Millions of Britons travel abroad every year. Many trips pass without incident. However, you should not be complacent about the risks involved with travelling overseas
There is no such thing as risk free travel. To be prepared in case things go wrong, it is important to take a few simple precautions before you go and while you are there.
Contact us at Deben Private GP Services 6-8 weeks before travelling for personal, up-to-date, expert advice. You may need a course of vaccinations and medications, which can take several weeks to complete to ensure that you have adequate protection. If you take any medicines regularly, make sure you have enough for your trip and check with your airline about what you can carry in your hand luggage. Be aware that some medicines may not be permitted in your destination country. Seek advice from your healthcare professional or the Foreign and Commonwealth Office (FCO) website.
Take out medical insurance. Ensure it covers you for repatriation. Make sure you declare any existing health issues. If you are travelling within the EU, apply for a European Health Insurance Card (EHIC). This card may entitle you to free emergency medical care within any EU country.
Contaminated food and drinking water are the most common source of illness abroad. So always wash your hands before eating or preparing food. If you contract diarrhoea, drink plenty of fluids to stay hydrated. There are medicines available for treating diarrhoea but you should seek medical advice before taking them. Visit the World Health Organisation further information
Rabies is still present in many parts of the world. If a person develops rabies, death is almost 100% certain.
Diseases like hepatitis A, typhoid and cholera can be caught from contaminated water.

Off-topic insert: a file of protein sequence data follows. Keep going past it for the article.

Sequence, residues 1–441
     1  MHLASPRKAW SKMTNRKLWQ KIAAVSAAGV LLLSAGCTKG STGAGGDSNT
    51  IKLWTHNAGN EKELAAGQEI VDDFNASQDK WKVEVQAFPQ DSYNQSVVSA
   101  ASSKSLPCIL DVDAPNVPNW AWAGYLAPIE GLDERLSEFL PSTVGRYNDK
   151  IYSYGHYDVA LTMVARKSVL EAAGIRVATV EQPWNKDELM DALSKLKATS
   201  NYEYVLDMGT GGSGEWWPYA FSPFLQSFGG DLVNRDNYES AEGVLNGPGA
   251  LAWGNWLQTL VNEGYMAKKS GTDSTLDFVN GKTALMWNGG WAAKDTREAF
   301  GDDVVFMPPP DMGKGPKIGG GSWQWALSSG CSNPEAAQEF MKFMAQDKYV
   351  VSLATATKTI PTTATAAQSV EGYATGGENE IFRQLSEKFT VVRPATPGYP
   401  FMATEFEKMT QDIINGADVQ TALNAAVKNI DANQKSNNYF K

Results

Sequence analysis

Hepatitis B and HIV are very serious illnesses. They are usually transmitted through contact with blood
or bodily fl uids. Use of unclean medical equipment, sharing needles, and unprotected sex all increase
the risk of contracting hepatitis B or HIV.
Take a sterile medical kit with you. It should include needles and syringes
Avoid anything that will break the skin, e.g. ear and body piercing, tattooing and acupuncture
Insect bites can cause many different diseases, including dengue fever, and malaria. Malaria is a one of the most serious diseases travellers can be exposed to. A course of antimalarial tablets and employing a few basic protective measures can decrease your risk of contracting this potentially life threatening disease
A. Be Aware of the risk, the incubation period and the main symptoms
B. Avoid being Bitten by mosquitoes, especially between dusk and dawn
C. Take antimalarial drugs (Chemoprophylaxis) to suppress infection where appropriate
D. Immediately seek Diagnosis and treatment if a fever develops one week or more after entering an area where there is a malaria risk, and up to 1 year after departure
Overexposure to the sun ruins thousands of holidays every year. Sunburn and heatstroke can be very serious.
For more information and to apply for a European Health Insurance Card.
A useful website with more information on your destination provided by the NHS (Scotland) is Fit For Travel.
The Foreign and Commonwealth Office website which provides up-todate information about destination countries.
Advice and protection about sunburn and skin cancer.
A comprehensive, up-to-date and accurate source of information on vaccines, disease and immunisation.
Article Provided by GlaxoSmithKLine